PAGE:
Two stories attracted my attention yesterday. The first was an excellent ArsTechnica overview of the Obama tech team that provided the backbone for their world-beating ground game. The second was a DealBook (a New York Times blog) story about Hewlett Packard’s disastrous acquisition of Autonomy, a British company in the “big data” business.
In the first, we learn that the Obama for America (OFA) team hired a raft of coders, used mostly open-source software, and hosted almost every aspect of the campaign on Amazon EC2 hosts. Romney’s campaign hired only a handful of tech people, made none of them integral to the campaign strategy, outsourced almost everything to friends and contributors, and spent about $15 million more. The OFA organization tool to communicate with volunteers was called Narwhal, they built it five years ago and have been improving ever since. A narwhal is a smallish arctic whale with only one known predator, the orca, so the Romney team called their system Orca. Having no IT staff, they worked with Microsoft and an unnamed consultant to build it, then didn’t even turn the thing on until 06:00 on election day, at which point they discovered that it didn’t really work.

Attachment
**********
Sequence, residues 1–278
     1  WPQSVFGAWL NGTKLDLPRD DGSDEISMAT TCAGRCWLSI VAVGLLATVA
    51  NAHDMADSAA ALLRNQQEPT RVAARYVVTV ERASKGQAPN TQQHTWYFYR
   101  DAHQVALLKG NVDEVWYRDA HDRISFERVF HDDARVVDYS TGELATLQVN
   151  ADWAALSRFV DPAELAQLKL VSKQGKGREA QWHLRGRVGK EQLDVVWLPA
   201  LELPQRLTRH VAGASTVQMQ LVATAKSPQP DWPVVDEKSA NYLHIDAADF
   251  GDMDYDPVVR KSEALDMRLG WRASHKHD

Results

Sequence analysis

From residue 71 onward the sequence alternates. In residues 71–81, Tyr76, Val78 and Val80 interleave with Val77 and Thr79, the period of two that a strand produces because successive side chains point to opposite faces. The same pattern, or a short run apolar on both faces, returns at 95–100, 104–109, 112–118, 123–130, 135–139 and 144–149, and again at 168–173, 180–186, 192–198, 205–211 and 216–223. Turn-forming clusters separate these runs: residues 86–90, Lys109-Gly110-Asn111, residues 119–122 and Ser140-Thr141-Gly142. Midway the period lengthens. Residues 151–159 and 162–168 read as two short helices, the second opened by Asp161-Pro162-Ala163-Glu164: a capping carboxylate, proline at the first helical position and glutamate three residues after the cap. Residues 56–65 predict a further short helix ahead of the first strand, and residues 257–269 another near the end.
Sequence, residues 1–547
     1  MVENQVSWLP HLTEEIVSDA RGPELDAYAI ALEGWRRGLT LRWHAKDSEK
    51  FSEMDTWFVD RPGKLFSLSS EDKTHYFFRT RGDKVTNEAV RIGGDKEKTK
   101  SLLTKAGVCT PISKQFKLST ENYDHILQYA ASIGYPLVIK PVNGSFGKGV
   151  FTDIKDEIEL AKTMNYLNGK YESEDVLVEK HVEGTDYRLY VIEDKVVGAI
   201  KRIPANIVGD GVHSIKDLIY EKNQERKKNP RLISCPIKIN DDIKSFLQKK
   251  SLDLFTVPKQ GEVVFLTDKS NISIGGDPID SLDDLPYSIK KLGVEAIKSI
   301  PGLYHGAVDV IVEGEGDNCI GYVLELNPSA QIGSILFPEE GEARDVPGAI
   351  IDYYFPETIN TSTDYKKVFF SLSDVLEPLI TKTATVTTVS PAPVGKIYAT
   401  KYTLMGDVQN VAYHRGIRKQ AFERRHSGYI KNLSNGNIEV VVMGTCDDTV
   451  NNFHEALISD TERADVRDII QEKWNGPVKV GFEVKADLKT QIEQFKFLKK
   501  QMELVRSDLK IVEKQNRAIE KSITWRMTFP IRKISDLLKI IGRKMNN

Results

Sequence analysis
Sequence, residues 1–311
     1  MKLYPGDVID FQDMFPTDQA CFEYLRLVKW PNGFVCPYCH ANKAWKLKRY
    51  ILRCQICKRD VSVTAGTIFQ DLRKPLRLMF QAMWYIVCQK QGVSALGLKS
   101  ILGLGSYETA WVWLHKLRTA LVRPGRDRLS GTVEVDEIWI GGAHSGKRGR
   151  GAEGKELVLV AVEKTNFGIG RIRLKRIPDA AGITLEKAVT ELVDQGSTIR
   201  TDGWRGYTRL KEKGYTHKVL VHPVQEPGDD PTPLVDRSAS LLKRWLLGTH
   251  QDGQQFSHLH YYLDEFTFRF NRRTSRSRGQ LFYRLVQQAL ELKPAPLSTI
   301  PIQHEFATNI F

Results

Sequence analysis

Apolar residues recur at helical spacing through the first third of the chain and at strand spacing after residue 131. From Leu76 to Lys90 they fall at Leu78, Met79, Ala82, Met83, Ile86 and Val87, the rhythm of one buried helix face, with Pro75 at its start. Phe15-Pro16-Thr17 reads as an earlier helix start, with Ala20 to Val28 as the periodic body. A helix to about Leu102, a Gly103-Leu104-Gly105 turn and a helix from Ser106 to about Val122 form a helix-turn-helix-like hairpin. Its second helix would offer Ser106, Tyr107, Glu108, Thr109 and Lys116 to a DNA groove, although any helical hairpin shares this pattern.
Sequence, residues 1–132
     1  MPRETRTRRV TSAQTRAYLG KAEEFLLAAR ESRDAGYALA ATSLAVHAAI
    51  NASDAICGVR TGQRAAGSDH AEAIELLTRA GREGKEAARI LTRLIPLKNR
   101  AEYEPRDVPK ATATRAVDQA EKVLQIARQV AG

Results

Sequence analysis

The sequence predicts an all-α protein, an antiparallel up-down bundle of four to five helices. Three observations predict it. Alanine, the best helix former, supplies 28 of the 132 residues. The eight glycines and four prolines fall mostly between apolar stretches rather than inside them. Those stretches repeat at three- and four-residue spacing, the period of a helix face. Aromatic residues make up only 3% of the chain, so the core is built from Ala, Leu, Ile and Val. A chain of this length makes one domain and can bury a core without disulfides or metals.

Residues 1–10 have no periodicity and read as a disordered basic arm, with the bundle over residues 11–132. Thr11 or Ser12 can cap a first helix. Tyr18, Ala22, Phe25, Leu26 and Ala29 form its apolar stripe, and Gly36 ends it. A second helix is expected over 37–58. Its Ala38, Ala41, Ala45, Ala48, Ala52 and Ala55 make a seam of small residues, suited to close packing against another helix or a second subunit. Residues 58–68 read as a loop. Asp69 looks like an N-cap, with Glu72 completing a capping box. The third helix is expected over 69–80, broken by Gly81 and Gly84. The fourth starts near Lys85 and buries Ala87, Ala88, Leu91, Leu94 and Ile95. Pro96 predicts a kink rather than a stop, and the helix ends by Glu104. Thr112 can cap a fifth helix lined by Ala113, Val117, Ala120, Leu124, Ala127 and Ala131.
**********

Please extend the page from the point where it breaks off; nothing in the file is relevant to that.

Hewlett-Packard, a once-distinguished company built by engineers with a knack for creative development, is struggling. Their hardware business doesn’t have the sexy margins of other tech titans so they’re on the lookout for ways to build their software and service businesses. Analysis of high-volume non-structured data is currently hot: Witness IBM’s Watson and everything that Google does. They spent over $11 billion to buy the company last year and are just now figuring out that accounting irregularities (fraud?) had significantly jacked up the price. Autonomy doesn’t seem to have a either good products or loyal customers, I’d guess that they’re going to mark down this investment again, in addition to the recent $8.8 billion charge.
Buying Autonomy was a stupid thing for HP to do. If you want to build a crack big data business you don’t want to buy one somebody else built and wants to sell, you find an old barn and hire a handful of people that want to tackle the problem. You look for kids, maybe a lot of them that haven’t got their degree yet. (Stanford, alma mater to Bill Hewlett and Dave Packard, is right around the corner, and they’re doing some good work in this field.) Maybe you snap up a couple of seasoned veterans with experience in the field, maybe not. Recruit somebody from Dan Wager’s analytic team at OFA. You give them a bunch of servers and storage to play with, something that should be trivial for HP. And then you pose a lot of problems for them to solve. You add a few product-centric people in the mix to turn the team’s results into salable products and you let the sales department start selling.
This has two huge advantages. First, it’s cheap. Second, it’s how you get great products.
If I Were King I’d be sorely tempted to abdicate and show them how it’s done.